In Finland, design is like a good friend – easy to approach and an easy-going source of joy in everyday life. Finnish design is also curiously equal due to its unique history. Here, design is not intended as luxury for a limited élite but something for everyone to enjoy.
DESIGN GOES hand in hand with Finnish people, starting from childhood, present at countless everyday suppers and twinkling in the light on the library ceiling. Many Finns have sat on Artek chairs in kindergarten; devoutly cut snowflakes from paper with orange Fiskars scissors; enjoyed liters of coffee from Teema mugs while visiting friends, and used Savonia spoons to eat morning porridge. In fact, design could be described as democratic in Finland.
The preconditions for design to become equal have been favorable in Finland. The functionalist trend began to get a foothold in the Nordics in the 1930s, and the key idea of the movement was that a building or product should serve its purpose as well as possible. When a product is carefully designed to be easy to use and functional, it is beautiful without any extra embellishments. This ethos was ideal for Finland, which struggled with poverty and the lack of materials.
In the atmosphere of the welfare state ideal, which emerged in Scandinavia around the same time, the aim was to design products that as many people as possible could afford and which would improve the quality of life.
For decades, Finnish architects and designers have utilized the strong tradition of handicrafts and the restrictions dictated by scarcity. Long winters and scarce natural light have inspired the creation of light, spacious and practical environments. Home life should be made as comfortable as possible, using the materials available.
Finland's long winters and scarce natural light have inspired the creation of light, spacious and practical environments.
Functionalism also created new methods for processing familiar materials: for example, Alvar Aalto utilized a revolutionary technique in making the L leg. The new technique made it possible to bend wood into strong, curved shapes, such as legs for stools and tables. It is no surprise that most Finnish design classics are also made from wood, birch veneer or steel pipe. As serial production became more common, furniture prices decreased, and an increasing number of Finnish families had the possibility to make their home beautiful and comfortable. Products were designed for ordinary families, who wanted the furniture they purchased to be durable and functional in everyday use.
Nordic aesthetics, the 'Scandi chic', still pleases Finns today. They favor practical, clean and simple lines and forms that are timeless and endure everyday use. Many pieces of furniture, light fixtures, tableware and textiles designed decades ago still bring joy to users. For example, the Domus chair designed by Ilmari Tapiovaara for a student housing complex stays on the list of the most wanted items year after year, and the iconic Tasaraita pattern, designed by Annika Rimala in the 1960s to symbolize equality, has conquered bedrooms in the form of duvet covers and pillowcases. Tapio Wirkkala's Ultima Thule glassware stayed put in grandparents’ cupboards for a while just to skip a generation and re-emerge to delight young design enthusiasts today.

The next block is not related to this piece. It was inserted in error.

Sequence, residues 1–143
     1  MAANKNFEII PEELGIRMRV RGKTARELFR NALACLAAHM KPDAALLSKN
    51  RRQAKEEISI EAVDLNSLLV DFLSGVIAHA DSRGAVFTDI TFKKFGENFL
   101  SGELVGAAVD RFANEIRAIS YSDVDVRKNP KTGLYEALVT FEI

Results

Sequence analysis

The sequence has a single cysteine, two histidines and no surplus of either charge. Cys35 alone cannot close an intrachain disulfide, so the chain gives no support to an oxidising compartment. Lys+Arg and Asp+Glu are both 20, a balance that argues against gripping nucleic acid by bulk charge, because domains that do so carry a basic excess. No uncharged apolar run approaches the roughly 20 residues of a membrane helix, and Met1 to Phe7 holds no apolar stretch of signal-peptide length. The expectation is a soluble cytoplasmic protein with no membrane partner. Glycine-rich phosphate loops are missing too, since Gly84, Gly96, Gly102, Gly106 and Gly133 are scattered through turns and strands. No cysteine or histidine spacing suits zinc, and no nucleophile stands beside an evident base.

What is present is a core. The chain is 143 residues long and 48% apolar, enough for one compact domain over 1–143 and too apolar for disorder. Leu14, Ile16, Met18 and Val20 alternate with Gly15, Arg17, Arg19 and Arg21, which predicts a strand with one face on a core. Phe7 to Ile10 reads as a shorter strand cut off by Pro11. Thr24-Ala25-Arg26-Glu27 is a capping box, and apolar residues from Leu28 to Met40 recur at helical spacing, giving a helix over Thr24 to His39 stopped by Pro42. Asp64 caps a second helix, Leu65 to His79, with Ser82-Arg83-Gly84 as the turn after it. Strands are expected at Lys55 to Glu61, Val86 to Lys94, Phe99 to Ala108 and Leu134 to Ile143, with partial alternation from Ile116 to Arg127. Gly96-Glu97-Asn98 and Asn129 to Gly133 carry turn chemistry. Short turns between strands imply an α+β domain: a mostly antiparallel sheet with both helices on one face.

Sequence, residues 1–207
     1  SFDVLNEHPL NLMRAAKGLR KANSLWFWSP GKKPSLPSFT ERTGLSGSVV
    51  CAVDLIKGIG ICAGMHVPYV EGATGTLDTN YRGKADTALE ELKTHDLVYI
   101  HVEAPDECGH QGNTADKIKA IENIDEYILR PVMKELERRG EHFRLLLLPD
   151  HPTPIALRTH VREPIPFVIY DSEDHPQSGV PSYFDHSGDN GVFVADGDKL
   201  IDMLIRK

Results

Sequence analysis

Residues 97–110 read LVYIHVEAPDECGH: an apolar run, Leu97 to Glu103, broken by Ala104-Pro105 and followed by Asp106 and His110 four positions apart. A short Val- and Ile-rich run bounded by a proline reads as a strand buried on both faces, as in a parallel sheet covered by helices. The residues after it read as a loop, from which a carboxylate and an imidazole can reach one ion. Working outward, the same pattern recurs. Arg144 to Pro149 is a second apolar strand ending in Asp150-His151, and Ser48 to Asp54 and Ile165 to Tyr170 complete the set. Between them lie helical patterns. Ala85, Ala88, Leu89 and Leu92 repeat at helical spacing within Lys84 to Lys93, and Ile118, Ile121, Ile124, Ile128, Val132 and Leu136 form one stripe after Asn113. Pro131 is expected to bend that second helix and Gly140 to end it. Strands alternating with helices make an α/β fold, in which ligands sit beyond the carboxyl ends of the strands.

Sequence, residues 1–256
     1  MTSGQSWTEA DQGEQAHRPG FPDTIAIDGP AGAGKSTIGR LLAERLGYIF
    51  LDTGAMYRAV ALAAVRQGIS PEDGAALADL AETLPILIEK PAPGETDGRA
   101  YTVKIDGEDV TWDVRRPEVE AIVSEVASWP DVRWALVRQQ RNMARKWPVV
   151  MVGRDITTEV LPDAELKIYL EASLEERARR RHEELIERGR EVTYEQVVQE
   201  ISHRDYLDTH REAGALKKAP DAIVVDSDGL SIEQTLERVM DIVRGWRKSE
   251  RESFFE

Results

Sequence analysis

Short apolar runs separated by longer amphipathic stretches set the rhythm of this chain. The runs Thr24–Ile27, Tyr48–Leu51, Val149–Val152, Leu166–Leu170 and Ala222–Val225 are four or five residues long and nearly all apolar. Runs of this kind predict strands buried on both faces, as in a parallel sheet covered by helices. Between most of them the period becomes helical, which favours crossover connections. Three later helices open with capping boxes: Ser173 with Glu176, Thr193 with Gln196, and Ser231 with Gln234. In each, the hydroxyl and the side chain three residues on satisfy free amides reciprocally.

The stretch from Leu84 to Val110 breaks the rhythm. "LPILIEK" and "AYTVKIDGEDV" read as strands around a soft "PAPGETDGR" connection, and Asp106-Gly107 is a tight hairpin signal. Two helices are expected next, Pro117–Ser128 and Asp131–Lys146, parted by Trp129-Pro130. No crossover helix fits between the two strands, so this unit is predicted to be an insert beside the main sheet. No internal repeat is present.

The inherently Finnish love for nature is also reflected in design, not only in the use of materials but also in the sources of inspiration: glass birds by Oiva Toikka are beloved presents and collectors' treasures, Marimekko’s familiar Unikko design still looks fresh, and maybe the reason for Ultima Thule's comeback lies in the forms and patterns of the glassware, which bring images of melting spring ice to mind.
The inherently Finnish love for nature is also reflected in design, not only in the use of materials but also in the sources of inspiration.
Female designers have traditionally been overshadowed by their male colleagues, but Finns can be proud of the handiwork of for example Aino Aalto, Maija Isola and Armi Ratia. The democratic nature of Finnish design is evident also in the fact that several female designers from Finland have become famous.
This means that the heritage of iconic Finnish designers is alive and well, with new talents constantly emerging alongside the familiar names. They all cherish the same principle of shared well-being. Art and design are often said to reflect the society in which they belong. In Finland, good design is no luxury reserved only for a small élite, but something that promotes the comfort and well-being of everyone. Just like a friend.
Let's raise our glasses and join in a toast to design on Finland’s Independence Day – why not in a pale blue, practical dishwasher-proof Kartio glass that fits perfectly in the hand!
The Independence Day giveaway
Shop at Finnish Design Shop for a chance to win Finnish design icons! To celebrate Finland’s 102nd Independence Day, we’re giving away Artek’s Domus chair, Iittala’s Aalto vase, Fiskars Classic scissors and Marimekko’s Pieni Unikko cushion covers. All customers who place an order between 5 December and 15 December will automatically enter the prize draw held on 18 December 2019.
Finnish design classics
Text: Kaisa Mikkola Photos: Johanna Myllymäki Styling: Hanna-Katariina Mononen